Another mystery. :-) And another question to be filed in the mind waiting for the day something happens that might help answer it


7:12pm I looked out and WOW there's a possum right there on the step. The back story: I'd cleaned out the refrigerator and transferred the old food, but not too old food, all into a serving bowl that I was going to pour out on the goodie stump for the crows. I then left it on a counter while I went to another room.

In the meantime Quicksilver the African Grey Parrot had flown over and was helping himself. Greys have somewhat delicate digestion at times so I didn't figure even slightly old food was a good idea, being in the middle of something else, I took the bowl away from him much to his chagrin, (Don't worry he gets plenty to eat, but stealing food he is not supposed to have always makes it yummier), I opened the patio door, and put the bowl on the step to take to the stump later on when I had my snow boots on.

I forgot it. Thus attracting the opossum who as I watch starts wobbling the bowl around with his paw very vigorously. Bam, bam. The bowl is actually clunking on the concrete. OH NO! That bowl goes to a set of my mother's china that my youngest daughter is supposed to get. Beyond clunking on the concrete the bowl is very dangerously close to the edge of the step. That's a smash waiting to happen.

And even sending tidbits flying.

7:13pm Back to the bowl.

Is that bowl going to go over the edge? It looks like more than half is already sitting on air.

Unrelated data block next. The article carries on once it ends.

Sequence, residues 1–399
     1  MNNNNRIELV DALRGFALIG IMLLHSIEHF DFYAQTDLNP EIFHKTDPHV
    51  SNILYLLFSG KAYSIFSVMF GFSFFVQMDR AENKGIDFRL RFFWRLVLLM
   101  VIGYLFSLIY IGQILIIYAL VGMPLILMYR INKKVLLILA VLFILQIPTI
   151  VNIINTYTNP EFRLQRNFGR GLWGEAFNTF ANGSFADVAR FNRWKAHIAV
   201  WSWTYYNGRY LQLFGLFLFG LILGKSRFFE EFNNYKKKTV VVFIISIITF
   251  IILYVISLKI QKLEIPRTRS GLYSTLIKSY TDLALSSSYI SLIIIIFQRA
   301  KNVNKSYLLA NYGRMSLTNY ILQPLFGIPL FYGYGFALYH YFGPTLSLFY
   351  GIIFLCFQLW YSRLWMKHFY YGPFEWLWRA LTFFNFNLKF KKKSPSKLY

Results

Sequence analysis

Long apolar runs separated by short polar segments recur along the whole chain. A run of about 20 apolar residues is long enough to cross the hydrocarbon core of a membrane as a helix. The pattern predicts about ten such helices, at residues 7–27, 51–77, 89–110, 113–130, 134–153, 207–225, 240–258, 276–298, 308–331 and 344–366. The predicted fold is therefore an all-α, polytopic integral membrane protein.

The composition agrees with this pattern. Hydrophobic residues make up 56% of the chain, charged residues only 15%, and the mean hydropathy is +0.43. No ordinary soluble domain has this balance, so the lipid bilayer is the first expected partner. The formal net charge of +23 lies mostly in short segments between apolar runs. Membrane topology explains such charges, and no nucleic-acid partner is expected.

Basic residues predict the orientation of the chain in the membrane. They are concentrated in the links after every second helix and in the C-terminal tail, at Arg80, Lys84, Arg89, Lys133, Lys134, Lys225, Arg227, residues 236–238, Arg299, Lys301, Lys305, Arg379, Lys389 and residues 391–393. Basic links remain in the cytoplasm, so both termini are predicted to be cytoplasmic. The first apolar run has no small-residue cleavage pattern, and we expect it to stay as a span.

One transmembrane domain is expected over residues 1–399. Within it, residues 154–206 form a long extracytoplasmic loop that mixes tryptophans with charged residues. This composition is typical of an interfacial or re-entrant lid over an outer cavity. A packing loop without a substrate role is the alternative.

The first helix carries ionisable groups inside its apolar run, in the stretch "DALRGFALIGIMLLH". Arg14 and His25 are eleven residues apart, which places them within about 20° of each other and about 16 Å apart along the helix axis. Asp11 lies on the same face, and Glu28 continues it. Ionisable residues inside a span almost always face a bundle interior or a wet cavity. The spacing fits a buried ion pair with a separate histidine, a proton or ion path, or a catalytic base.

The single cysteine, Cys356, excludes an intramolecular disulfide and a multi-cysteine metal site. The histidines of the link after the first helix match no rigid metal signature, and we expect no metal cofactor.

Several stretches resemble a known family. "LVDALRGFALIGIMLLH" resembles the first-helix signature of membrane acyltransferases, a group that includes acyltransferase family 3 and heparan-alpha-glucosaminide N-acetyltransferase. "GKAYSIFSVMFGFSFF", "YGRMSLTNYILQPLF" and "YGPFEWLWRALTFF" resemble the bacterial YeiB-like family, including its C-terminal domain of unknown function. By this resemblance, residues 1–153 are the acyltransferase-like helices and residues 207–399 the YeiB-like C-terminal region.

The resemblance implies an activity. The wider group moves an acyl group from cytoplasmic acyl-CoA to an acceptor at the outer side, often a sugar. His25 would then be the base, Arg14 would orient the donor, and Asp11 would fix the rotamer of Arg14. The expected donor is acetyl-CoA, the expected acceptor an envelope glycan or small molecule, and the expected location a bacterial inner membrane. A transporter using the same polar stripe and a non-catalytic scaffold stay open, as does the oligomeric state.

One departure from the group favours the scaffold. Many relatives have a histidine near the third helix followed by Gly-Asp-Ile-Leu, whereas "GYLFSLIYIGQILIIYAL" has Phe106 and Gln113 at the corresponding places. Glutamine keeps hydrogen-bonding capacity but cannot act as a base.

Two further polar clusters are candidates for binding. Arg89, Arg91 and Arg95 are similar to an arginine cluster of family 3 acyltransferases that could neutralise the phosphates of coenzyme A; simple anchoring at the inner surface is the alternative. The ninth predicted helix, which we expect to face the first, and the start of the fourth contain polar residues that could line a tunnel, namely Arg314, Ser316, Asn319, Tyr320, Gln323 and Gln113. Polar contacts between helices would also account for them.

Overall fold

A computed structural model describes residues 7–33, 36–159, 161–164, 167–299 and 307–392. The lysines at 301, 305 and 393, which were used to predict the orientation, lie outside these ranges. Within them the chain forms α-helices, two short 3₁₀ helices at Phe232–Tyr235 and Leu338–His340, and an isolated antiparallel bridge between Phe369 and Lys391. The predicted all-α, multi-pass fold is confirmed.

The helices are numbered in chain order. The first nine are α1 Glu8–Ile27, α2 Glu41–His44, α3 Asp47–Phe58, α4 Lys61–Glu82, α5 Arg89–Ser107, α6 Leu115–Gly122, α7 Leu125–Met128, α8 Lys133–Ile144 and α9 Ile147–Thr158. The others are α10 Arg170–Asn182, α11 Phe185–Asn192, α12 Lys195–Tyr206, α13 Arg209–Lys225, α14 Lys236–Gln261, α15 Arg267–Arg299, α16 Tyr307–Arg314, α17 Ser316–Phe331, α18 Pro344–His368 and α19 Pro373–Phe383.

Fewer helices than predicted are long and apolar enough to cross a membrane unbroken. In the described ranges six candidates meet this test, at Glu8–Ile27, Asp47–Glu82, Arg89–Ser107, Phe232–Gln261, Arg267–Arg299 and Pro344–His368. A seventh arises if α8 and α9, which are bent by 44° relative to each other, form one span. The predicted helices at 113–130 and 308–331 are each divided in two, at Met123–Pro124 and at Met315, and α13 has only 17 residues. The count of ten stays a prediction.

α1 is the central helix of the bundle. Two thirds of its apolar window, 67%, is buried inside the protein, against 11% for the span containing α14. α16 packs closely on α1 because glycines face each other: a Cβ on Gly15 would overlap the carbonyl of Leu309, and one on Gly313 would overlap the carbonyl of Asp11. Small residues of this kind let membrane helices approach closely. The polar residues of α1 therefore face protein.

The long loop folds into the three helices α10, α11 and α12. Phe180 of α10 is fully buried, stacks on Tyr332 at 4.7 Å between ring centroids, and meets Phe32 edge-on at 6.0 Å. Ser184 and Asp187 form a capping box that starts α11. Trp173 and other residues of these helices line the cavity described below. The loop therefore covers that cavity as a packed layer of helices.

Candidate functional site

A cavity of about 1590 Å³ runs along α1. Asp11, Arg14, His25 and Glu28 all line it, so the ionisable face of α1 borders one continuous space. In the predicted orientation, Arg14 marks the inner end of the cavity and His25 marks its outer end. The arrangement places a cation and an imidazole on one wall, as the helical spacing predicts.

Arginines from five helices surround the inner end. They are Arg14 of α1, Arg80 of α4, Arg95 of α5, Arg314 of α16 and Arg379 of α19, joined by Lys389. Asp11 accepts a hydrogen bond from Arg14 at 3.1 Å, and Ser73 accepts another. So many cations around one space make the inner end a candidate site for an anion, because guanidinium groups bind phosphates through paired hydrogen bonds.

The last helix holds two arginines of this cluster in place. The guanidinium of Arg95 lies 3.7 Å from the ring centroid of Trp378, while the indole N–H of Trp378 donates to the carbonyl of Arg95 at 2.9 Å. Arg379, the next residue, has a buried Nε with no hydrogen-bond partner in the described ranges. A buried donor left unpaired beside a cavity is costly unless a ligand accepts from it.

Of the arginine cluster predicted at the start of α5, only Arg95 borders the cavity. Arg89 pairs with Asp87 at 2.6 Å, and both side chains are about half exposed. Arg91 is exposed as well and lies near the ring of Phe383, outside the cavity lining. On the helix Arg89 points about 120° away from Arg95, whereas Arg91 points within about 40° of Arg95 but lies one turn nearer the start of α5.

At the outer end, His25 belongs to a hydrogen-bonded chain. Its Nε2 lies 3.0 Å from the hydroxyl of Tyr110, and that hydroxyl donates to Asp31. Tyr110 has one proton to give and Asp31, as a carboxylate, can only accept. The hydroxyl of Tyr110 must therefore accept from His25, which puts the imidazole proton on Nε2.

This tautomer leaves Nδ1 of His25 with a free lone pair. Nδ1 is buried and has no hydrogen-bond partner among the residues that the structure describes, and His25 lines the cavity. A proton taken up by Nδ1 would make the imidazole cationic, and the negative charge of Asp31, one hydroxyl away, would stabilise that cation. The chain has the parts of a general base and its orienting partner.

Here is a good view of the possum's back foot. Note the big difference with the front feet in the second possum photo above and the back foot in this photo.

By the way, the black blotch at the bottom of the photos is the cat Pyewackit's ear.

7:14pm Now you can tell it is the top of a cat's head. Pye waits for the opossum to reappear. He doesn't, so Pye wanders down to the basement hoping for an unenlightened mouse that has weaseled its way into the house.

Periodically she spends most of the hours of a couple days down there. Then suddenly she's back upstairs returning to her usual behavior. I believe she realizes there is a mouse in the basement, goes into mouser mode, eventually catches it, obviously eats it all as I never find any mouse bits, and then having done her duty or simply followed her irresistible instinct for obtaining a rodent meal-your choice, and then goes back to napping cat of sloth snoozing on the furniture until another mouse appears.

But back to those possums...